Four steps methodology
Let us briefly review each of the four steps that will be covered so you’ve a solid understanding of them. The first step in any penetration testing is “reconnaissance”. This phase deals with information gathering about the target. As was mentioned previously, the more information you collect on your target, the more likely you’re to succeed in later steps. Reconnaissance will be discussed in detail in the second topic.
Regardless of the information you had to begin with, after completing in-depth reconnaissance you should have a list of target Ip addresses that can be scanned. The second step in our methodology can be broken into two distinct activities. The first activity we conduct is port scanning. Once we’ve finished with port scanning, we’ll have a list of open ports and potential service running on each of the targets. The second activity in the scanning phase is vulnerability scanning. Vulnerability scanning is the process of locating and identifying specific weakness in the software and services of our targets.
With the results from step 2 in hand, we continue to the “exploitation” phase Once we know exactly what ports are open, what services are running on those ports, and what services are running on those ports, and what vulnerabilities are associated with those services, we can begin to attack our target. This is the phase that most newcomers associate with “real” hacking. Exploitation can involve lots of different techniques, tools and code. We’ll review a few of the most common tools in Topic 4. The ultimate goal of exploitation is to have administrative access (complete control) over the target machine.
The final phase we’ll examine is “maintaining access”. Oftentimes, the payloads delivered in the exploitation phase provide us with only temporary access to the system. Because most payloads ain’t persistent, we need to create a more permanent backdoor to the system. This process allows our administrative access to survive program closures and even reboots. As an ethical hacker, we must be very careful about the use and implementation of this phase. We’ll discuss how to complete this step as well as the ethical implications of using backdoor or remote control software.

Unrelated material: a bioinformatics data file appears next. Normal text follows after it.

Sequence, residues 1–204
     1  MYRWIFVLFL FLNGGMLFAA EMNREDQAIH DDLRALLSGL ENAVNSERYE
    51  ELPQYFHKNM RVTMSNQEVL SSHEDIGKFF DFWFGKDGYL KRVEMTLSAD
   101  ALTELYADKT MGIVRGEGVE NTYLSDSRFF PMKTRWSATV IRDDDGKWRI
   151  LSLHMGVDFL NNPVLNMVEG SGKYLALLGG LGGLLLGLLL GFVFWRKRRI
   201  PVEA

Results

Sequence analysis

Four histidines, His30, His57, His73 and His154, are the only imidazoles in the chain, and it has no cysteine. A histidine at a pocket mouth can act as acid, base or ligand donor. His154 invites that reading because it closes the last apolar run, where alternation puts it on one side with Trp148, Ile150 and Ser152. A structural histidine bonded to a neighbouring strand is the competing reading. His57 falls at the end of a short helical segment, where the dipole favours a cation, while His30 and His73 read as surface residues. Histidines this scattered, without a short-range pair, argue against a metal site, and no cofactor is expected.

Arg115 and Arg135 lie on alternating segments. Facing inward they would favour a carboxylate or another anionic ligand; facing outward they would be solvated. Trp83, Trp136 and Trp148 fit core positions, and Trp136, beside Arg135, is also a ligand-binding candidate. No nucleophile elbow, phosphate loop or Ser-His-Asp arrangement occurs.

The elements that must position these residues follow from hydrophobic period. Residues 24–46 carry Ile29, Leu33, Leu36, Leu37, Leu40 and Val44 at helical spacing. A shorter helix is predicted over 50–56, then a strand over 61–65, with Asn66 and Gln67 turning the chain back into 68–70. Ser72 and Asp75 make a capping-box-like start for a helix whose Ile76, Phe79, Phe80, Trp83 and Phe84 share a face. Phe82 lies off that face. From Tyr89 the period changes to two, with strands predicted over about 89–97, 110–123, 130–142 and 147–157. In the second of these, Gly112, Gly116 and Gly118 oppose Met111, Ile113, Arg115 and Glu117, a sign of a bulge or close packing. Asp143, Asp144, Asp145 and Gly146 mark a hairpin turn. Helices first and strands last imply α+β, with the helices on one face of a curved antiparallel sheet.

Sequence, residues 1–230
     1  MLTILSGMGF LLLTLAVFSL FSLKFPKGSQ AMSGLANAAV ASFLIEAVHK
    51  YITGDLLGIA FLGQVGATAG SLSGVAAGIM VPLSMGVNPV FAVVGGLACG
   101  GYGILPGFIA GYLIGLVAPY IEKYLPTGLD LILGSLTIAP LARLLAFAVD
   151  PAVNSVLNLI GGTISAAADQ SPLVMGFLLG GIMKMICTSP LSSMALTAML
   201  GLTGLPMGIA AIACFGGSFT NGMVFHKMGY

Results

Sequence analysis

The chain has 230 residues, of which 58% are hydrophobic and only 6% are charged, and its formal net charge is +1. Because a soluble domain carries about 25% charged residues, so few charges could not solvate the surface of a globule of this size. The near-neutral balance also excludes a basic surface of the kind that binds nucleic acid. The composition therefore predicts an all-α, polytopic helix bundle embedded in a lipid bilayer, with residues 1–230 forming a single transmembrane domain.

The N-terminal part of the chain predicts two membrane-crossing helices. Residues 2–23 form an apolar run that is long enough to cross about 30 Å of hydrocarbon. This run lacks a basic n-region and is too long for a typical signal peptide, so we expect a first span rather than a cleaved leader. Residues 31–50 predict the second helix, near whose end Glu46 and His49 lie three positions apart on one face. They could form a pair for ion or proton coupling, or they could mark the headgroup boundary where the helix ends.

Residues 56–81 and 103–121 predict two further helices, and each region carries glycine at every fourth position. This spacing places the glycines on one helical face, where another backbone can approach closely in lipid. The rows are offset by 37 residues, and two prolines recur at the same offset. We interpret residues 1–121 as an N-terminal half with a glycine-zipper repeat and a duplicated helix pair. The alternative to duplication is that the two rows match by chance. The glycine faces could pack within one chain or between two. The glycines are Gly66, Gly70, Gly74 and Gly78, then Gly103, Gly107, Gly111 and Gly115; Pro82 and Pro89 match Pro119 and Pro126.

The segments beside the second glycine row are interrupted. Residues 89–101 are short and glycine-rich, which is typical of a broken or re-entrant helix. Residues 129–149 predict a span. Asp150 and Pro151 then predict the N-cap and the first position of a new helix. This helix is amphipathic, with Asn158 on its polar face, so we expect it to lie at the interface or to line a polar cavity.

Although not included as a formal step in the penetration testing methodology, the final (and arguably the most important) activity of every PT is the report. Regardless of the amount of time and planning you put into conducting the penetration test, the client will often judge your work and effectiveness on the basis of the quality of your report. The final PT should include all the relevant information uncovered in your test and explain in detail how the test was conducted and what was done during the test. Whenever possible, mitigations and solutions should be presented for the security issues you uncovered. Finally, an executive summary should be included in every PT report. The purpose of this summary is to provide a simple one to two-page, nontechnical overview of your findings. This report should highlight and briefly summarize the most critical issues your test uncovered. It’s vital that this report be readable (and comprehendible) by both technical and nontechnical personnel. It’s important not to fill the executive summary with too many details; that’s the purpose of the detailed report.